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Child Passenger Safety Basics

Rear Facing


0-3 years old (Until minimum of age 2 as per AAP recommendation)

Rear facing is the safest way for children to travel. It is the best way to prevent brain and spinal cord injuries. A child should ride in a rear-facing car seat AS LONG AS POSSIBLE. It is best practice to rear face to a minimum of age 2, and ideally until the child reaches the top height or weight limit allowed by the car seat manufacturer. Children under 2 years old are 75% safer rear facing. Children 12-24 months are 5 times less likely to be killed or seriously injured when rear facing than forward facing.  Feet touching the back of seat is not a safety concern - approx 0.1% of kids rear-facing will suffer lower extremity injury - the rate is much higher when forward-facing.  Also, kids are flexible, so it is not uncomfortable for them. Check out more about rear facing basics, science, and crash dynamics.

  • Position harness straps at or below shoulders.
  • Position chest clip at armpit level.
  • Install seat at the correct angle and through the correct belt path.
  • Child should have no less than 1" of car seat shell above their head (unless otherwise specified in the manual) 
  • Car seat should be installed with LATCH or Seat Belt, Never both (unless otherwise specified by car seat and vehicle manufacturers)
  • Car seat should be installed with no more that 1" of movement side-to-side or front-to-back at the belt path, with LATCH or locked seat belt.


Forward facing with 5-point harness


2-7 years old

Forward facing in a convertible, combination, or 3-in-1 car seat with a 5-point harness when child has outgrown the height and weight limits of their rear-facing seat and is over 2 years old.

*Legal minimum is age of 1, however skeletal development is not mature enough to safely forward face before age 2+ as per AAP and NHTSA. Forward facing too soon substantially increases likelihood of head and neck injuries and deaths.

Whenever possible, always tether the forward-facing seat! The top tether is the strap that secures top of car seat to anchor in back of vehicle - it decreases brain & spinal cord injury by decreasing child’s head excursion in crash.

  • Position harness straps at or above shoulders.
  • Position chest clip at armpit level.
  • Ears should be below the top of the shell.
  • Install seat through the correct belt path.
  • Top tether should be attached whenever possible.
  • Car seat should be installed with LATCH or Seat Belt, Never both (unless otherwise specified by car seat and vehicle manufacturers)
  • Car seat should be installed with no more that 1" of movement side-to-side or front-to-back at the belt path, with LATCH or seat belt locked.


Belt Positioning Booster


4-12 years old

Belt positioning booster should be used when a child has outgrown their five point harness and is mature enough to sit properly, usually not before age of 5. Booster positions seat belt properly on child’s body, because a poorly positioned seat belt is a major source of injury to spinal cord & abdominal organs.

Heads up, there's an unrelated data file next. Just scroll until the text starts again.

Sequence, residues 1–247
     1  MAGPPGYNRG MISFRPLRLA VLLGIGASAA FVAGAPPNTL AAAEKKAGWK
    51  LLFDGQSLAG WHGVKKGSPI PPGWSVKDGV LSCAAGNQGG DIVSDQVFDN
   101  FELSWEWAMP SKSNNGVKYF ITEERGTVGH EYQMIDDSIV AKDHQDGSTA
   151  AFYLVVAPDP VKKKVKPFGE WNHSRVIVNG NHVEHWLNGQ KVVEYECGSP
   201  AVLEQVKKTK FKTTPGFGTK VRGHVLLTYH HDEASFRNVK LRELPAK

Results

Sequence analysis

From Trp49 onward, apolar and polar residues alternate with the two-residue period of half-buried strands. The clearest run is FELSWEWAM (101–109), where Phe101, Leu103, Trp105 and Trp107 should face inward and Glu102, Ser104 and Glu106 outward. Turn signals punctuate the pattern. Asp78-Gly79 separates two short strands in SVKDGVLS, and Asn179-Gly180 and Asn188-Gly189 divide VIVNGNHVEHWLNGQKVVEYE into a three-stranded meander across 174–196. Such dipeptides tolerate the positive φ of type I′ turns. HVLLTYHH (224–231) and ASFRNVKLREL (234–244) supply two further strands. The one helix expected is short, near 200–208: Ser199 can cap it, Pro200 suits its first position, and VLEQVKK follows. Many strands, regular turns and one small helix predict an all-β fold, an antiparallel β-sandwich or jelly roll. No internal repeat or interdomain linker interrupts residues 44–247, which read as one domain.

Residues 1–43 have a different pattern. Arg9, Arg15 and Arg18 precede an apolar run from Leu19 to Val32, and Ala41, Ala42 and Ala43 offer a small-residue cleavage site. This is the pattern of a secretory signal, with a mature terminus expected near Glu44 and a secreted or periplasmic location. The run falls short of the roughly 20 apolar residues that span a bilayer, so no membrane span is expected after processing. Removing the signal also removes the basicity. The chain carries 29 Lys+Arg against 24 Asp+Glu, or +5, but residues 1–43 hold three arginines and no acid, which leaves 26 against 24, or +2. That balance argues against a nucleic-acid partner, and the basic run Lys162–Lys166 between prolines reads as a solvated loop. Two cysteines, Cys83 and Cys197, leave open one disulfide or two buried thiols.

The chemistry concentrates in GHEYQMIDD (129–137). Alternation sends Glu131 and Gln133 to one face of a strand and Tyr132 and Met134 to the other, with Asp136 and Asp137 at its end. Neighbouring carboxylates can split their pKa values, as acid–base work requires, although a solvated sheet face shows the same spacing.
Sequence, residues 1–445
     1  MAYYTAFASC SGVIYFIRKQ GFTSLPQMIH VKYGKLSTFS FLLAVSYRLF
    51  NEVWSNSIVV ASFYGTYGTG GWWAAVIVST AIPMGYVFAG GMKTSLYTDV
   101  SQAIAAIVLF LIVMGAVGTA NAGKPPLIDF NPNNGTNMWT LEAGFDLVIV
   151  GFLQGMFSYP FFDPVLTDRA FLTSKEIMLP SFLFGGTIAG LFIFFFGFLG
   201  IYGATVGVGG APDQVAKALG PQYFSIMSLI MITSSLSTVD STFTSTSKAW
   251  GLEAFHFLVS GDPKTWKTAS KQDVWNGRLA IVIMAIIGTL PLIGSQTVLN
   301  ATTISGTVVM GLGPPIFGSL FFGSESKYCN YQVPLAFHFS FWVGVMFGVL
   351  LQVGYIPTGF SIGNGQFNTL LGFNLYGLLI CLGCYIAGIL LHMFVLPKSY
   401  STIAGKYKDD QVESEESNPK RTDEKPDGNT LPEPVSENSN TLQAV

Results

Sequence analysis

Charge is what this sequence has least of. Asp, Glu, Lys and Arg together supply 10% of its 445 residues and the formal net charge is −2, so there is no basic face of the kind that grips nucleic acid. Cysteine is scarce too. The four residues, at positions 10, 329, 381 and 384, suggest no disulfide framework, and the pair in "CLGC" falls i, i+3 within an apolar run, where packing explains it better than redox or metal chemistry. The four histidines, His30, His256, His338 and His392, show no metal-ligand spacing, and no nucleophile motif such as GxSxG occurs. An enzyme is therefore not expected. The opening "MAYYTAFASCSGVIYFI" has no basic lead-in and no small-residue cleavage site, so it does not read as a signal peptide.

• Shoulder belt should fit properly (evenly across and flush with the torso, not cutting into the neck, slipping off the shoulder, or held out in front of the chest)
  • Lap belt should fit properly (low on the hips; on top of the thighs)
  • Child has to be mature enough to stay seated in the proper position for the entire ride (without leaning out of the seat belt or unbuckling), even while asleep
  • Can only be used with a lap-and-shoulder belt (never with a lap-only belt)
  • Shoulder belt should be threaded through the belt guide and positioned at or above the child’s shoulders.
  • When using a backless booster, the vehicle must have a headrest that is at least high enough to be at the tips of the child's ears.
  • When the child is not in the vehicle, the booster may become a projectile and should be secured by a seat belt or lower anchors.  


Vehicle Seat Belt Alone


8+ years old

When a child has outgrown their booster seat and meets all of the following 5 criteria (usually about 10-12 years old), they are ready for an adult seat belt alone. All children must ride in the back seat of the vehicle until age 13.

  • Child sits comfortably all the way back in the vehicle seat with their knees bent at the edge of the vehicle seat.
  • Shoulder belt fits evenly across the torso, not cutting into the neck or face.
  • Lap belt is low on the hips, touching the tops of the thighs (not on the abdomen).
  • Feet are on the floor.
  • Child can remain seated comfortably this way for the entire ride.

Always read the Car Seat and the Vehicle User Manuals. If possible, have the car seat installation inspected by a local certified Child Passenger Safety Technician.

 

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These updated recommendations for child passenger safety are based on the Best Practices for injury prevention as per American Academy of Pediatrics and NHTSA.